Q. I think I would prefer the Daily Fasting with Eating Windows option for intermittent fasting. So if my wife and I normally eat at about 6.00pm then my 5 hour eating window could be from 1.30pm to 6.30pm. Is this correct?
A. That is correct.
Q. Prior to 1.30pm I can eat 5 portions of fruit (each portion being less than 100 calories) but preferably have at least 2 days a week of full abstinence during the fasting period?
A. This is correct. But I think for such a short fasting period you should aim to go zero-calories in the fasting/calorie restriction period. I covered all intermittent fasting options in my book because I wanted it to cover the full spectrum of possible approaches (and there are many people who need those ‘low entry points’ for psychological reasons) but I strongly believe that zero-calorie fasting (from when you wake up, until 1:30pm) is not onerous for the vast majority of people (certainly not for athletes) and is not difficult for anyone to get used to. It is considerably more beneficial to have the body in a ‘pure’ (zero-calorie) fasted state, than doing light snacking in the calorie restriction (‘fasting’) period.
Q. During the eating window, can I eat as much as I want (but choose healthy options)?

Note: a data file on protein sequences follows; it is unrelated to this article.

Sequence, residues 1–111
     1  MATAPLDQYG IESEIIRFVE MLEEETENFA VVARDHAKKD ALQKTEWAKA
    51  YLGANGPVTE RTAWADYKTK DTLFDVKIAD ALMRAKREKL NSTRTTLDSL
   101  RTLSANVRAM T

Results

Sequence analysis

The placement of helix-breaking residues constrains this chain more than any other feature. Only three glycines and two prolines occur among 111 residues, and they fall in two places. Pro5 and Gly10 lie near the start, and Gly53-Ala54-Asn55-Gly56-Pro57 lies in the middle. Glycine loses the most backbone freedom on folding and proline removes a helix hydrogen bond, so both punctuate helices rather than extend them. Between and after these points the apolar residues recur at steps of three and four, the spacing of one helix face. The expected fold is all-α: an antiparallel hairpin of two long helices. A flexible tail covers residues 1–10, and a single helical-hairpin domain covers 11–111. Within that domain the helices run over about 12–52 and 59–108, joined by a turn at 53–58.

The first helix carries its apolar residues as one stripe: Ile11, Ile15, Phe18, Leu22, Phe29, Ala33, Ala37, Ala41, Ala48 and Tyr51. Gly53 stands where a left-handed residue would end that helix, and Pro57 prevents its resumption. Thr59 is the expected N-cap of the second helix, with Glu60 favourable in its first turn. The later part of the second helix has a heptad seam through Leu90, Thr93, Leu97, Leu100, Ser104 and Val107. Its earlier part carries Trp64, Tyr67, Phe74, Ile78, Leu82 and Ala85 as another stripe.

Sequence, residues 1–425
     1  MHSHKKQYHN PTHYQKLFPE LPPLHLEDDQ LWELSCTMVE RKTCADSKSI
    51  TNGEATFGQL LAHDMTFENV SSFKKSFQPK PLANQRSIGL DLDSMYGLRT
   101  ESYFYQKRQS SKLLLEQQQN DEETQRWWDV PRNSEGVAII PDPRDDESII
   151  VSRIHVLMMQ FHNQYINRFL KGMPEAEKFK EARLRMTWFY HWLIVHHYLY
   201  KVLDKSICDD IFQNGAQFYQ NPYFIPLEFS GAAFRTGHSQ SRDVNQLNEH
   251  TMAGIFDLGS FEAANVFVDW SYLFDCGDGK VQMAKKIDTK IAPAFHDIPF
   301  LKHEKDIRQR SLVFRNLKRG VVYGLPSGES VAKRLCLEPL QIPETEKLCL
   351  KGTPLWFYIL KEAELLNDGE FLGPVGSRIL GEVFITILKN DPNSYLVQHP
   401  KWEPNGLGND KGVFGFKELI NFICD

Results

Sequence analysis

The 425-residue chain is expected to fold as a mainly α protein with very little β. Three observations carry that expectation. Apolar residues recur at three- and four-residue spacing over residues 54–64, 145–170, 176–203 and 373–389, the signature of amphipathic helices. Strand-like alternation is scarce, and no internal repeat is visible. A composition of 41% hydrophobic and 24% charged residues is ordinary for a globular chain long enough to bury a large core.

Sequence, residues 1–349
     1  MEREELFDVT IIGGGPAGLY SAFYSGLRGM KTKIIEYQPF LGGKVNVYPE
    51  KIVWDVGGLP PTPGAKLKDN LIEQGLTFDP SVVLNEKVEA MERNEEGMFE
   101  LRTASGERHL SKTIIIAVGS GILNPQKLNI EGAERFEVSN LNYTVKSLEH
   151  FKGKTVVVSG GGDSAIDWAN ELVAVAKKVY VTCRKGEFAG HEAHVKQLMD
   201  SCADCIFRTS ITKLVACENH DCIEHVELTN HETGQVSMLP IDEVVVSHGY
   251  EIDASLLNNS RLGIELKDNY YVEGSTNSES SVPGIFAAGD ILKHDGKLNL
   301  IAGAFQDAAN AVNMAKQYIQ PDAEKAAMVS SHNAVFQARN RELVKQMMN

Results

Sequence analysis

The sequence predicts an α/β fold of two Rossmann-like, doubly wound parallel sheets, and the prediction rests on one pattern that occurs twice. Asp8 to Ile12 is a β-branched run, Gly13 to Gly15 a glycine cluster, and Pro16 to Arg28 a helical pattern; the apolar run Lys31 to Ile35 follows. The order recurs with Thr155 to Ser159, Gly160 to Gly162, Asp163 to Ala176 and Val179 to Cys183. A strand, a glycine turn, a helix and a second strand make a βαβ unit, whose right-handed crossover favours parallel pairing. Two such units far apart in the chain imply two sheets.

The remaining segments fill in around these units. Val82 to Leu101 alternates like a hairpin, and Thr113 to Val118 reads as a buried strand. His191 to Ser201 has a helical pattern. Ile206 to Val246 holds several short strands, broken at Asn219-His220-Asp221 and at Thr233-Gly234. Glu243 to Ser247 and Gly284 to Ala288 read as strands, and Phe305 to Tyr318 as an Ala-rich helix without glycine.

A. This is not correct. For a person who uses a ‘tight’ intermittent fasting ‘eating window’ (i.e one meal a day) this is probably true, because one meal a day can never get you over your daily energy needs as an athlete) but for an eating window from 1:30pm to 6:30pm you should use that as calorie-restriction ‘assistance’ and aim to eat all your normal meals within that period – with a bit more control than someone who eats just once a day needs to exert.
For instance, if you currently eat 3 or 4 times a day, from waking until bedtime, you can have those same meals in the restricted intermittent fasting eating window. You are already able to get by on those meals for a whole waking day, so by ‘squeezing’ them into a 5 hour period you now have the option to ‘tidy up’ a little. So if you are slightly overweight you can ‘trim down’ the size of those meals and that small change is usually enough to lose the excess weight.
If you are not starving when spreading those meals across a 12 hour window, by simply cramming them into a 5 hour window you will be even less hungry between meals – and, thus, able to restrict calories a bit more than you would actross a 12 hour eating window. By starting to eat at 1:30pm (instead of 7:30am) you will not actually be any hungrier, once you have done this for a week or two. So your body gets used to the longer fasts and your appetite becomes the same as it was when you didn’t fast.